From Mad Men to Milk Men

In the very first episode of Mad Men, a show which by all rights I should love because it is all about arch capitalism and bad behaviour and smoking and drinking and screwing too much (but yet I don’t, and this essay in the New York Review of Books does a better job than I could of articulating my objections), our anti-hero pitches his cigarette company client with the tag line, “It’s toasted.” Now, the joke is that every other smoke-roller’s leafs are toasted as well, but by highlighting this point, the Lucky Strike folk are able to pull ahead of the pack – so to speak – just as health concerns around smoking are hitting the press. As a set piece, it’s a clever idea that feeds into the conventional wisdom of the clever set that free will is an illusion and of course big corporations and their marketing henchmen are pulling the wool of false consciousness over the eyes of a public kept docile by fatty foods and plasma TVs.

But what if things went the other way? What if the little guys adopted Don Draper tactics? That’s just what’s happening in the Australian milk industry, which has lately been the scene of pitched price wars between small producers and the supermarkets. Cleverly, small dairy farmers have banded together to market their milk as “permeate-free”, permeate being a “natural milk waste produced in a separate cheese-making process after ultrafiltration” (yum!) added to the stuff to ensure consistency (and, no doubt, make the cow juice go farther). And this has got Big Milk off-side, according to the Weekend Australian:

Victorian dairy farmer Marian Macdonald yesterday accused small milk processors of unfairly damaging the reputation of milk and risking turning consumers away from a healthy and affordable family food staple in their quest for market share.

“This has been a morally corrupt debacle on so many levels,” Ms Macdonald said.

The reason, of course, that this is seen as “morally corrupt” is that those brands advertising their product as being “permeate-free” are gobbling up market share forcing, according to the same account, major supermarket brands to “drop permeate additives from their milk early this month.” But so what? It’s true, and if big bad advertising can be used by corporate giants, why not by small producers as well?

I’m agnostic on the subject of permeates, though in general I like to think the products I buy are not thinned out with the waste products of related processes. Call me crazy. In any case, the only supermarket milk that’s consumed anywhere close to straight out of the bottle here at Stately Prick Manor goes into morning coffees (all other dairy is consumed either in the form of heavy cream or cheese) and when I finally get around to purchasing an ice cream maker I’ve got a couple of lines on pure Jersey milk that will get reeled in. But I do have a quiet admiration for those who, instead of sniping from the sidelines and complaining that the competition is too big and powerful for them to have a go, decide to beat them at their own game.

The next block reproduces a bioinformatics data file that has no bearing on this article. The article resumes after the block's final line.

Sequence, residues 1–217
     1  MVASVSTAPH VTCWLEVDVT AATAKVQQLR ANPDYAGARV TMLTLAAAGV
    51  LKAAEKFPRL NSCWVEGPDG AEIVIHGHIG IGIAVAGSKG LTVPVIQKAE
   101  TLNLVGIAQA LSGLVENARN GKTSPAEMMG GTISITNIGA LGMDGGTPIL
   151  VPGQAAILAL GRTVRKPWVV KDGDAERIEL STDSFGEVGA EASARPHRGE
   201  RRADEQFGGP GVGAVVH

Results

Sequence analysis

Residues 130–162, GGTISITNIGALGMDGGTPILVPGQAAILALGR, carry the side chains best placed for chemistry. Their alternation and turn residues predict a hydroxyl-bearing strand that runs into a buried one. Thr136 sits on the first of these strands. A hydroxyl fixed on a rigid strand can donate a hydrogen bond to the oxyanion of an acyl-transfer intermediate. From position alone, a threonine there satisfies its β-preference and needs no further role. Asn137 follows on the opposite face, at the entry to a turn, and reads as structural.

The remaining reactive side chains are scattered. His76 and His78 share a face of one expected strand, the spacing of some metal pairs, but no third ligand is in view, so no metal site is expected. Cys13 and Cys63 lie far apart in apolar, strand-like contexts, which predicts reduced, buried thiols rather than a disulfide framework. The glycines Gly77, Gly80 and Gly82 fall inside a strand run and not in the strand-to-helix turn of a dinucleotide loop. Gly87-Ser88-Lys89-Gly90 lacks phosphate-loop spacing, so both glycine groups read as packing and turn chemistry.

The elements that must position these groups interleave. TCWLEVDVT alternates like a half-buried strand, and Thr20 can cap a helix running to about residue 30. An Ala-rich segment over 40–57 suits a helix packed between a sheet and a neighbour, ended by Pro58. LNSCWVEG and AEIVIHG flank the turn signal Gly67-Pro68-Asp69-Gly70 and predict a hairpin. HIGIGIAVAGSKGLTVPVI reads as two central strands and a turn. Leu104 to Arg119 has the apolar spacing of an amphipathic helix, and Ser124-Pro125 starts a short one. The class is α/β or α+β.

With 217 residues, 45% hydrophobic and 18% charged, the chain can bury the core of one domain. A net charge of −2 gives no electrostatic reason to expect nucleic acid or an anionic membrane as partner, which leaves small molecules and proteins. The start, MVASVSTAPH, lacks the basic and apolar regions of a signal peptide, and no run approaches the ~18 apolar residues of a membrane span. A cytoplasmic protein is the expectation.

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5 Responses to From Mad Men to Milk Men

  1. Craig Mc says:

    The main reason they put permeate in milk in the first place was probably because of the prolonged drought, which I think reduces fat levels in the milk. Permeate makes the milk seem richer than it really is. The first people to notice are the baristas trying to froth the stuff.

    Now the drought’s well and truly broken, they wouldn’t need to do it anymore. Boutique brands like A2 were permeate-free all along. The real test of mainstream brands, like Pura, is if they stay permeate-free during the next drought. 90% of customers won’t lose sleep over it either way.

  2. anon says:

    What will they do with all the left over permeate? Chuck it out?

    If they do, watch for Jessica Irvine penning a piece about how wasteful the massive milk corporations can be.

    I’ve found Jersey milk at the farmers market at Riverside Girls in Gladesville. And butter made from the same stuff. It’s pretty fab. Also blows a large hole in the wallet.

  3. TimT says:

    I’ve been making cheese lately and when you do that, you produce a lot of whey – a LOT. Seems sensible to do something with it; much better than just chucking it out. (Permeate of course is just whey by another name.) For every block of Kraft Tasty, I’d say there’d be a sizeable bucket of permeate somewhere.

    I only heard about this permeate thing two weeks ago anyway. (On the radio). The next day I bought some Paul’s goat milk for making fetta, and there was a little star on it saying ‘Permeate Free Naturally’! The ‘Naturally’ was of course designed to be misleading…

    Must be a very successful campaign by small milk producers if they’re getting their message out so quickly.

  4. DMS says:

    OK – thanks. Good article, good link but now 6 days old!

    Less eating, more blogging PwF!

  5. Steve MacNeil says:

    I worry about the Prick. Heavy cream and cheese. Duck Confit.
    Check those blood fats lad!

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